White Male Privilege and the Daughter Test

Jun 24, 2011 by

Meet the newest MOMocrat, Grace.

Steven Levitt of Freakonomics fame recently wrote that he bases his decisions on whether to support government prohibitions on what he calls the “daughter test”:

It wasn’t until the U.S. government’s crackdown on internet poker last week that I came to realize that the primary determinant of where I stand with respect to government interference in activities comes down to the answer to a simple question: How would I feel if my daughter were engaged in that activity? If the answer is that I wouldn’t want my daughter to do it, then I don’t mind the government passing a law against it. I wouldn’t want my daughter to be a cocaine addict or a prostitute, so in spite of the fact that it would probably be more economically efficient to legalize drugs and prostitution subject to heavy regulation/taxation, I don’t mind these activities being illegal. On the other hand, if my daughter had good reasons to want an abortion, I would want her to be able to have one, so I’m weakly in favor of abortion to be legal, even though I put a lot of value on unborn fetuses.

That this is utterly ridiculous ought to be so obvious as to need no elaborating. Do we want legislators making laws based on what they would personally want for us as parents, or based on respect for people as human beings with equal rights and autonomy? This shouldn’t be a difficult question to answer. Yet a bunch more white dudes similarly privileged as Levitt have since weighed in to debate whether or not his test is reasonable.

It’s no accident that Levitt, who does in fact have a son, uses a daughter test rather than a son or child test. He’s tapping into widespread sexist beliefs that girls and women need to be protected — by men, of course — from the big bad world. The US has a long, ugly history of “protective” government measures based on spurious, bigoted claims that women and other marginalized groups are incapable of self-governing. The recent rash of state laws requiring ultrasounds, waiting periods, anti-choice counseling, and so on before abortions are the products of such paternalistic assumptions (echoed in Levitt’s statement that he supports his daughter’s right to terminate a pregnancy if she has a “good reason” for doing so).It’s also no coincidence that the examples Levitt offers of behaviors he supports criminalizing — sex work and drug use — fall along gendered and racialized lines. There’s a privileged assumption of entitlement to government policing of women’s bodies and communities of color, and an equally casual disregard for (or ignorance of) the real, devastating effects of such policing on women and people of color. America’s endless “War on Drugs” has produced, for example, a racist culture of mass incarceration rivaling Jim Crow in its targeting of urban minority communities and disenfranchisement of people of color, especially black men. Levitt effectively claims that this is all worth it so long as his daughter is deterred from using hard drugs.

Ross Douthat, unsurprisingly, concurs with this breathtaking assertion of white male privilege as a proper basis for legal philosophy:

The idea behind the daughter tests, as I see it, is to clarify which vices seem so profoundly self-destructively [sic] that they merit sanction in law as well as culture…and which are merely regrettable life choices that even the most meddlesome parents must accept as part of the warp and woof of a free society….thinking ‘what if I my [sic] daughter did this/were in this position?’ is a way to take an argument from the abstract to the viscerally real, and to bring moral and legal gray areas into a sharper focus…the fact that I would want to be able to involve the police if my daughter became a streetwalker, but not if she became a Hare Krishna, tells me something important about what kind of legal regime I should support.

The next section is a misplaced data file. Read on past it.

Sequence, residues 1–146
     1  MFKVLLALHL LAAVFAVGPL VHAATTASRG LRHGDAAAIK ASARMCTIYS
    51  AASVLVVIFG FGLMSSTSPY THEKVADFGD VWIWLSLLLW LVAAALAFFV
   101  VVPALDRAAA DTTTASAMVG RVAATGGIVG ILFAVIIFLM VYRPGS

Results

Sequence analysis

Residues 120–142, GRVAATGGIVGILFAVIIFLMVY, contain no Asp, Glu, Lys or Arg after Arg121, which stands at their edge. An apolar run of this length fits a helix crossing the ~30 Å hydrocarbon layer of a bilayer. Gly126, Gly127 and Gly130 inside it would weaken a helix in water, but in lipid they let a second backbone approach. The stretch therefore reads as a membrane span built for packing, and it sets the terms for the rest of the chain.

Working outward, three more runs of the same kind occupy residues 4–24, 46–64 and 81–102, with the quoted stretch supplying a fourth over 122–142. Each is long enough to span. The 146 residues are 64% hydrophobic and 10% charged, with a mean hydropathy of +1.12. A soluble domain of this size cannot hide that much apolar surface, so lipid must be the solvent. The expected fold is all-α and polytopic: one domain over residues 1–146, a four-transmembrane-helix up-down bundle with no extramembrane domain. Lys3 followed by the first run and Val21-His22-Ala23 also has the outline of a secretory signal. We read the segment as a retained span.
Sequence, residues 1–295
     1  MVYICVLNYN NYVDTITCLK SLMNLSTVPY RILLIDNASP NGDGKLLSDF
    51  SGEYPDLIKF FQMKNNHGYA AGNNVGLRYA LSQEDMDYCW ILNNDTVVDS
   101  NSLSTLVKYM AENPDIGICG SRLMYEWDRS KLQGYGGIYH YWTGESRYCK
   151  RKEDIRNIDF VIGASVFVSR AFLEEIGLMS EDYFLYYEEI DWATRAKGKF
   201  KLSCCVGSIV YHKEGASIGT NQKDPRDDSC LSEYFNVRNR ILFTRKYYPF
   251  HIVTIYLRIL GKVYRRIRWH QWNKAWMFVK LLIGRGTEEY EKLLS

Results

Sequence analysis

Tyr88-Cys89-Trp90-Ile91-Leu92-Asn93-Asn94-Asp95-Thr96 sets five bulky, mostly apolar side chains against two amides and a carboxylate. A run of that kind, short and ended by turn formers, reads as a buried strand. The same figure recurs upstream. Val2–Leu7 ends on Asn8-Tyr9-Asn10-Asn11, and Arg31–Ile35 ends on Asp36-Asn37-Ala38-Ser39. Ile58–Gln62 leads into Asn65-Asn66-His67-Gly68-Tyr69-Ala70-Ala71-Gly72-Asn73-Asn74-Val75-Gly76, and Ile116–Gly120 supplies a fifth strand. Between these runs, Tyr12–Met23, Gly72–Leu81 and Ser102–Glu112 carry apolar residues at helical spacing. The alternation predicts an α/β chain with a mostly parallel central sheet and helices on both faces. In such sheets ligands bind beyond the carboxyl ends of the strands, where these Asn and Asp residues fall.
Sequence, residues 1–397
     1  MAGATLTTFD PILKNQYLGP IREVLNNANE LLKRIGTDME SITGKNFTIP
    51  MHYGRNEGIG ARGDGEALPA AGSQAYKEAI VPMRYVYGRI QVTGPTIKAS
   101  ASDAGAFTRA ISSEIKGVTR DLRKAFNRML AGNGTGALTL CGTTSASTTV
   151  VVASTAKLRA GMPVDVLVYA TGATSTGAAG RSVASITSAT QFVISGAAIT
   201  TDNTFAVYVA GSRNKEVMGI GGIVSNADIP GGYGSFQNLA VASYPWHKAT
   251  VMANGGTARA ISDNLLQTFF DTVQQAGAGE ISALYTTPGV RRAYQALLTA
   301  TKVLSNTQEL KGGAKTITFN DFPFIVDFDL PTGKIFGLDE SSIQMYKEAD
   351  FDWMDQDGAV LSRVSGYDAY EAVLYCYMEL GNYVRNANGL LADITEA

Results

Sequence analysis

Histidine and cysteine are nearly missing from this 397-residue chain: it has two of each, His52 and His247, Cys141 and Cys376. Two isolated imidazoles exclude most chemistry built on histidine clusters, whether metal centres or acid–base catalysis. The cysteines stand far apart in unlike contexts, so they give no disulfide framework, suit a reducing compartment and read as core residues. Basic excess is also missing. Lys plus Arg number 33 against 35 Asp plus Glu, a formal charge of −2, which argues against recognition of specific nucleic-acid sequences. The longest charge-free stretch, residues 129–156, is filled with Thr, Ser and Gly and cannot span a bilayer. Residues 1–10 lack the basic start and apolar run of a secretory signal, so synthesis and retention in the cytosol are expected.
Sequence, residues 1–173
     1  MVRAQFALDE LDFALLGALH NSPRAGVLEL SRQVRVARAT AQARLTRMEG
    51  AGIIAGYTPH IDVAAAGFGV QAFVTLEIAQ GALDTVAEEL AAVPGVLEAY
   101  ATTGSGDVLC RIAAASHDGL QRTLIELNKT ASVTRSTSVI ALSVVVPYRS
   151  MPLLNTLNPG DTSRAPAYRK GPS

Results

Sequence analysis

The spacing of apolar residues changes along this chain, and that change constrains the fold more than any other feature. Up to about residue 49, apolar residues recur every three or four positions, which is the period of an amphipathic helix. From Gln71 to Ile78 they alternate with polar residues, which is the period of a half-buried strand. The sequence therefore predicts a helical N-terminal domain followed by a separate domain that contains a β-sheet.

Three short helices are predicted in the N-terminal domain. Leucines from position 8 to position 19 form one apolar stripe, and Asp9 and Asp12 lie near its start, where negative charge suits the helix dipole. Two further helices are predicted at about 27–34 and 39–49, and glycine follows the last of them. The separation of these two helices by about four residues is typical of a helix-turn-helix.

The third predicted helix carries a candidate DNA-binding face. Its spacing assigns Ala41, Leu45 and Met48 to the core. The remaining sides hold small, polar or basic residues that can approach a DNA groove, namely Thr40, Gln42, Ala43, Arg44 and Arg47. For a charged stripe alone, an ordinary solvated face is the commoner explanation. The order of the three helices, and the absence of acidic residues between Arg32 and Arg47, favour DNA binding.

One wonders what, exactly, Douthat imagines “involving the police” entails. Are we to believe that he and Levitt would honestly want their daughters to go to jail if they were sex workers? More likely, they can so glibly discuss the prospect of their children being caught up in the criminal justice system because they have no reason to imagine such a thing could ever happen. They and their children are far less likely than minorities or the poor to face serious legal consequences for any criminalized activities they might participate in.

In short, these are incredibly privileged white, upper class men, sitting around engaging in fanciful thought experiments about how laws should apply to people who are not them. They have the luxury of pretending that laws are neutral, effective, and universal deterrents against crime, rather than part of a criminal justice system that perpetuates inequitable distribution of power and resources – measures levied disproportionately again women, against the poor and the brown.

On top of all that, they’re championing a “test” that prioritizes privileged voices and individualistic perspectives on the law – what I would want for my daughter – over a metric that takes into account the diverse experiences and perspectives of all Americans. Implicit in this commentary is the unquestioned assumption that “streetwalkers” (really, Ross Douthat?) should have no say in what the nation’s laws should be, even though they and other marginalized groups are the ones for whom criminal laws have the most serious ramifications. Heaven forbid that people who aren’t straight, financially secure white men be seen as full citizens with an equal right to civic involvement and representation.

It shouldn’t have to be said that the law is not meant to be an extension of parental authority, real or imagined. A legal philosophy based on imagining oneself as the parent of fellow citizens is textbook paternalism, and especially egregious coming from men who are highly unlikely to suffer the serious negative consequences of enforcing paternalistic laws. Rather than a “daughter test,” why not an empathy test – imagining how a legal regime might materially impact other people or communities? Or better yet, a test based on respecting the rights of others to autonomy and equal citizenship, one that allows other people and communities an equal voice and platform to speak to their own experiences with and perspectives on the law?